There are so many options out there for parenting, but I can't imagine changing any of the things I do when I see benefits from them every single day!

Tuesday, January 5, 2010

Born a sinner

When I look down at my beautiful 3 1/2 month old son, I want to think that he is perfect. I want to think that he will grow up to be a wonderful Godly man, find a good Christian wife, and never make any mistakes or fall into the trap of sin, and will always do exactly what he should in the eyes of God. Such a sweet tempered, mild mannered, smiling child who only cries for a minute or two a day, if that, can't possible be a sinner.

But he is.

Just like everyone else on the planet, my beautiful baby boy was born with the sin of Adam upon his head, and as his mother, I (along with my husband) have been given the responsibility to give him the tools he will need later in life to fight the lifelong battle that is sin.

Now, you may think that I have plenty of time to worry about how we as a family will deal with discipline, but children grow up so fast, I want to be ready when that first defiant scream escapes his lips.

I firmly believe in spanking as a tool for teaching self-discipline. Before you close this blog and call me crazy, let me define spanking for you, starting with the negative: Spanking is NOT an angry slap across the face or any other part of a child's body. It is NOT a spur-of-the-moment reaction to a child's sinful behavior that involves hitting or beating with an object. That is called child abuse, and has nothing in common with true biblical child rearing.

I grew up with two wonderful parents who understood what spanking should really be, so I will outline what happened in my house. The offending child would be taken to my parent's bedroom, where the parent (usually my Dad) sat and asked us what we did, why we did it, and what God said about that. If we didn't know, they looked it up. It was almost always Exodus 20:12, "Honor your father and your mother, that your days may be long upon the land which the LORD your God is giving you." At this point, they reminded us that they love us, and since they love us, they have to do what God commanded them to do, and correct our sinful behavior. The spanking is then administered, a prayer is said asking God's forgiveness for the sin committed against him, then the child is taken to the one he offended (Mom, Dad, sibling) to ask their forgiveness as well.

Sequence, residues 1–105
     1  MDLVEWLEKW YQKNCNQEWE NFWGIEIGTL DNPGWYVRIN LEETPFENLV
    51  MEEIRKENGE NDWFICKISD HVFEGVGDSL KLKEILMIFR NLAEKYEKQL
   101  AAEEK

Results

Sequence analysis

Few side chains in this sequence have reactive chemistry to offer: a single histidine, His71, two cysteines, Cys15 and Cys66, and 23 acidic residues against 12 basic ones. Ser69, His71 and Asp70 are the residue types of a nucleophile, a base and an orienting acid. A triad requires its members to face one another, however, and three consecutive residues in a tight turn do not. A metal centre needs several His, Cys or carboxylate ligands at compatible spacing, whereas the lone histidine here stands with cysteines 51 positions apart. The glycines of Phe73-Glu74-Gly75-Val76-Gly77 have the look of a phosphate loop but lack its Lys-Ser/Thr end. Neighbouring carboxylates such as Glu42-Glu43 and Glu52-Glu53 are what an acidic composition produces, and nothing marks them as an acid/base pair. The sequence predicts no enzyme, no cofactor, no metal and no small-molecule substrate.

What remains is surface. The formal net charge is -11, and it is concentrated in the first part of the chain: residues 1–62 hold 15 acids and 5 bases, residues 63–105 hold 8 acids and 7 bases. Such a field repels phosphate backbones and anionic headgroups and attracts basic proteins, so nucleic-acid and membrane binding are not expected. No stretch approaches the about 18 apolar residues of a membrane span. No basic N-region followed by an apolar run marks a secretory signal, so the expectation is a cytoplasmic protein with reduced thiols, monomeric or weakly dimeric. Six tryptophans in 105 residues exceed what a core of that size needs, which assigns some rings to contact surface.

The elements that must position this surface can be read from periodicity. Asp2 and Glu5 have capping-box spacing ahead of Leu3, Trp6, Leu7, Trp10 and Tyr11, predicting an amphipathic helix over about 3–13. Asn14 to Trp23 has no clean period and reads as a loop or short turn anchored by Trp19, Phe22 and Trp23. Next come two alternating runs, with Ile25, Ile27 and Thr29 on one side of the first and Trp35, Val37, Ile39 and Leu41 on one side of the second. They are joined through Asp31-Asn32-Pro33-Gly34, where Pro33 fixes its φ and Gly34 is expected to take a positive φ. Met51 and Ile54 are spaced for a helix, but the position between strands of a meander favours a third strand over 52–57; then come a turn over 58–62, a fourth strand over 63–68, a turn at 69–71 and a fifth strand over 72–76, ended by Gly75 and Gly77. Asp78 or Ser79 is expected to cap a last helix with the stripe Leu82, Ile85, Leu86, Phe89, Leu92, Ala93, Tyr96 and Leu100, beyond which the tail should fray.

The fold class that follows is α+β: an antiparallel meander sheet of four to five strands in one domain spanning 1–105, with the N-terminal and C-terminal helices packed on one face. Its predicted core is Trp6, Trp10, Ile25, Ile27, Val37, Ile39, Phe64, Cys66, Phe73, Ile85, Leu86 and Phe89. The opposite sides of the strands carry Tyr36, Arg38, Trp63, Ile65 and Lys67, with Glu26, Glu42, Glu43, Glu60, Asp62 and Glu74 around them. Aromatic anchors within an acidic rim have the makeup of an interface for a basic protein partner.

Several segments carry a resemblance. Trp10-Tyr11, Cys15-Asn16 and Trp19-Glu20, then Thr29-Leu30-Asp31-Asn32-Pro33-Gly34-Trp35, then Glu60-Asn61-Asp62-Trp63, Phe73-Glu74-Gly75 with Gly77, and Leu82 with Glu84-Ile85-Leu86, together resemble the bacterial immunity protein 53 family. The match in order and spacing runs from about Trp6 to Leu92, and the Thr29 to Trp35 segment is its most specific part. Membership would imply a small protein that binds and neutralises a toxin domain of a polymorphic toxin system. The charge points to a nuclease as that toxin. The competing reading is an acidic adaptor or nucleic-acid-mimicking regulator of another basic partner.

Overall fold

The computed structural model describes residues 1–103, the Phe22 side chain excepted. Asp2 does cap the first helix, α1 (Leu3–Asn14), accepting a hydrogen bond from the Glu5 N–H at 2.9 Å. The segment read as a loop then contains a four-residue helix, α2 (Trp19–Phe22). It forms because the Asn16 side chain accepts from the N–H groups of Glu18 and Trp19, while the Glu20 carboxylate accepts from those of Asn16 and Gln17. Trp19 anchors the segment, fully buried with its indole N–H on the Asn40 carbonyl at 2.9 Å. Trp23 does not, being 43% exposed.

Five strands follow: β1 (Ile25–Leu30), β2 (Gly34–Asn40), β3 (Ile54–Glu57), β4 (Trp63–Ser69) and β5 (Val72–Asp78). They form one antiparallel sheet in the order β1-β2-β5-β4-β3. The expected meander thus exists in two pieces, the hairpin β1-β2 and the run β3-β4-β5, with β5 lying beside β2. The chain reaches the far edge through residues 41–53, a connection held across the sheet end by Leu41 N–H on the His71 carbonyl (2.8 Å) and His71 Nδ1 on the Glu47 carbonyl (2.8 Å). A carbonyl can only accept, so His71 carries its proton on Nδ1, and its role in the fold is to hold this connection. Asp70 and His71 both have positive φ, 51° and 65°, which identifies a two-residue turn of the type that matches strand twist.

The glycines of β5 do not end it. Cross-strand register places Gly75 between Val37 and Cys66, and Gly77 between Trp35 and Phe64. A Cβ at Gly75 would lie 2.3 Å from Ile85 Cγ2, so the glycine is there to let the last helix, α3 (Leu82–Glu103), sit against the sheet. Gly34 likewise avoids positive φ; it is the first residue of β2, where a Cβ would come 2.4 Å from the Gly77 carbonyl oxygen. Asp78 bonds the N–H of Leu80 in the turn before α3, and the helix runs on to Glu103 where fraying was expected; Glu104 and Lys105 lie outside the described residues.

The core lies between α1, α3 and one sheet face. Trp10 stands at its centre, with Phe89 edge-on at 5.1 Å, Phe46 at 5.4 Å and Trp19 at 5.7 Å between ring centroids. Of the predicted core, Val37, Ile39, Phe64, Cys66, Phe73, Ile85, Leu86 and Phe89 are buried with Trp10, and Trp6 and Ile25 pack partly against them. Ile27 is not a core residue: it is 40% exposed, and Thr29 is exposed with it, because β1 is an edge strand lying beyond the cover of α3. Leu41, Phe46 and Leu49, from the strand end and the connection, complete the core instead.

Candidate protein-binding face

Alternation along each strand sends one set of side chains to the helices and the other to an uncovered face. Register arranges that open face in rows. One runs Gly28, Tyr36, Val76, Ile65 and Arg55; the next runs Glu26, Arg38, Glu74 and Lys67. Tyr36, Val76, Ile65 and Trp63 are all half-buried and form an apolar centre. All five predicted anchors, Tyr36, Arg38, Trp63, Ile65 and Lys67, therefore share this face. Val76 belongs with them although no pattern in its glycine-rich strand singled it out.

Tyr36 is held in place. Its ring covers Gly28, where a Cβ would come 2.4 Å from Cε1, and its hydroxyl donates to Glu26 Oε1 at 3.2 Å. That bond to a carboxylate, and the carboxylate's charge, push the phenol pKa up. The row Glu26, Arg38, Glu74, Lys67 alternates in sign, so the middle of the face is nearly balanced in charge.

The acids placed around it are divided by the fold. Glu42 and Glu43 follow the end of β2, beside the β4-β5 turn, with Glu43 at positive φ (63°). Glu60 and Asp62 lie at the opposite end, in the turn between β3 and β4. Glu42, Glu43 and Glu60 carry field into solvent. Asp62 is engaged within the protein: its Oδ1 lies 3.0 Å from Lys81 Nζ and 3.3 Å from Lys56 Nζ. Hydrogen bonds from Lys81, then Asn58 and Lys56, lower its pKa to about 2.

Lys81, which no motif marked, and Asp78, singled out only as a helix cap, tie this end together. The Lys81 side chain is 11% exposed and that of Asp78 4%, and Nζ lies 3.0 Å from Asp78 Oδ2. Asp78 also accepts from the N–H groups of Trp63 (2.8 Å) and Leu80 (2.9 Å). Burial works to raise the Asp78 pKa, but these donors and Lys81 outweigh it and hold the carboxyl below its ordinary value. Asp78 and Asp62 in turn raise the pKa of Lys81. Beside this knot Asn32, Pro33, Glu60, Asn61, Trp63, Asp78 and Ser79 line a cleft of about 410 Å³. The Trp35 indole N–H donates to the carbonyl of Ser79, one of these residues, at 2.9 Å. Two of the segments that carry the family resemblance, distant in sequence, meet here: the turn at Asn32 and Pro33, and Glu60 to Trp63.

That, in my opinion, is Biblical spanking. No abuse, no anger, just correction and forgiveness. It is a beautiful thing, and it upsets me to read well-meaning gentle parenting advocates claiming that it is a horrible, barbaric practice, when in reality they are condemning the entire idea based on those who practice spanking incorrectly.

I still have some time before my son needs correction, but once he does, I hope to be the most loving, Godly disciplinarian and mother that I can be.

For a more in-depth article on Biblical spanking, with scripture quoted, I really enjoyed reading "eight misconceptions about spanking" by David Reagan. I do think the section about manipulative crying applies only to older children; young infants, for the most part, cry when their needs are not met, so for now I treat all of Hunter's cries as need-based. The author mentions later in the article that spanking an infant is wrong and cruel, and I agree completely.